The teens have been a crummy decade for the federal NDP. Since the moment of Jack Layton’s tragic passing in 2011 until today, the party has been on a slow decline. Smacked at the moment of their greatest triumph, they staggered into choosing a leader who knew little about New Democrats and less about English Canada. Tom Mulcair’s naive attempt at risk avoidance in the 2015 campaign saw him collapse over niqab waffling and a balanced budget obsession. The party had never been defeated from the left in its eight decades of history. The Trudeau team masterfully stole the party’s birthright – the social justice champion in Canadian politics.
For their new leader, New Democrats choose a young man with few years in politics, all in Ontario, and the first racialized Canadian to head a national party. Jagmeet Singh had a very shaky launch, beginning to recover only this year as an elected B.C. MP.
As the poll numbers have ticked slowly lower, the oaths sworn on election night 2015 to never again let the party get “out-lefted,” have morphed into a more proactive consensus: “What do we have to lose being risky and bold?” In response, the campaign team has reframed their message to Canadians in bolder policy terms than any national NDP campaign since the Broadbent years.
Much tougher climate change policy, a commitment to deliver on a massive housing program, national childcare and national pharmacare programs led their early platform rollout last month. This week they added an ambitious plan to genuinely narrow the inequality gap in Canada, focused on the real economic canyon. More benefit programs, progressive tax rates and commitments to much higher mandatory minimum wages alone cannot deliver real change. A large tax on accumulated wealth can. It has never before been attempted in Canada.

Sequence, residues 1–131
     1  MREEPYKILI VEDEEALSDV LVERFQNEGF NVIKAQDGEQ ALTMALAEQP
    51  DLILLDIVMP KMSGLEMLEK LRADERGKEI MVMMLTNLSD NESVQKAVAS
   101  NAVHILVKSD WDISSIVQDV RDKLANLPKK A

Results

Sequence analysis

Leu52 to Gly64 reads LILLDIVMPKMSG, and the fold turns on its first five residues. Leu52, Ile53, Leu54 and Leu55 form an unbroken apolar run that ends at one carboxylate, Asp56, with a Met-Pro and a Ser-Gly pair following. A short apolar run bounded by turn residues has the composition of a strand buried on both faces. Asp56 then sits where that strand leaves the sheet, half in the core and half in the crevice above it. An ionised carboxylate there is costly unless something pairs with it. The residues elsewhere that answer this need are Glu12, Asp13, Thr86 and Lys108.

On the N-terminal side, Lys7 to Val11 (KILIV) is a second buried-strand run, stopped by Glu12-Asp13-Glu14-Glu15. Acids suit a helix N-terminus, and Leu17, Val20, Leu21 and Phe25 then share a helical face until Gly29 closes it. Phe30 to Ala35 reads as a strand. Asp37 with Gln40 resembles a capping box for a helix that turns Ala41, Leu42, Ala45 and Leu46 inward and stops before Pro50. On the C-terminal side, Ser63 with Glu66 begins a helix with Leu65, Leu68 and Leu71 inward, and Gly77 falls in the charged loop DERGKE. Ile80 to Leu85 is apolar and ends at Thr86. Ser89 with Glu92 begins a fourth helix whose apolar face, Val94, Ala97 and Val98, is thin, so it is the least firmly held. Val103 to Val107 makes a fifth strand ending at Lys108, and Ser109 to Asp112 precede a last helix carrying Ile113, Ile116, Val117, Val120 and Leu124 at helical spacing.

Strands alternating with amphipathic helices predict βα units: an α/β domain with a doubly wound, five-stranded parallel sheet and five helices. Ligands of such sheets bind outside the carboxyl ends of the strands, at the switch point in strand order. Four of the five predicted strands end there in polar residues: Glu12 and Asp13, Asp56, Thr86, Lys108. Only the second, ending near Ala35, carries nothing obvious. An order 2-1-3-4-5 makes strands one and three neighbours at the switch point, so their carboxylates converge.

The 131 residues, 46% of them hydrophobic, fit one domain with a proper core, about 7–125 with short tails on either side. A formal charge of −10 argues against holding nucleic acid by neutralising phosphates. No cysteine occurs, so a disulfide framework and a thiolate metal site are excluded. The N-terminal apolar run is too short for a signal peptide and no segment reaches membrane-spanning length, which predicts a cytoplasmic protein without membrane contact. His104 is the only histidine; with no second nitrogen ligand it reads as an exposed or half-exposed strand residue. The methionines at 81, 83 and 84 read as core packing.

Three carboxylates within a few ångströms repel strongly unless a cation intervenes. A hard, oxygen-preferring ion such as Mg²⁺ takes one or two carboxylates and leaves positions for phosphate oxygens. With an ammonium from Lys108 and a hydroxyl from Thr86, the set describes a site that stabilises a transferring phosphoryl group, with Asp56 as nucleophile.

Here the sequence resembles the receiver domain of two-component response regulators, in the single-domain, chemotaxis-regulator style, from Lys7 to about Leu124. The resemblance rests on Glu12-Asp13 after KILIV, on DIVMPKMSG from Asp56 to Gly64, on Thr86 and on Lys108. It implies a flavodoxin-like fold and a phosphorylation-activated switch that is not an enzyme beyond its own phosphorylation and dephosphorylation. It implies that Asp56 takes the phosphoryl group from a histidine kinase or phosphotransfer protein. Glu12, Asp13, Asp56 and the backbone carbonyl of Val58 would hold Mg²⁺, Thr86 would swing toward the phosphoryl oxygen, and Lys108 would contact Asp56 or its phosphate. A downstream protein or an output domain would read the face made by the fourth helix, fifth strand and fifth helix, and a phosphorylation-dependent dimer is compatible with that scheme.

It is an old campaign strategist’s axiom that the highest risk campaign is the one trying to be absolutely risk-free. Every campaign faces risks – many of them predictable – and campaigns need to game their preparation for them. Taking deliberately high political risks can be enormously successful – e.g., Donald Trump and Boris Johnson. But they can collapse on arrival too – Stéphane Dion
The young New Democrat campaign team have been debating and testing these high-risk policy grenades, especially for their impact on unhappy 2015 Liberal voters, for months. They seem well prepared for the fierce counter-attack they will face if they are seen to be gaining traction. One hopes they also understand that there is usually a big win – Trudeau and pot – for high risk pitches. Or, as in the case of Harper’s Islamophobia gambit – total disaster.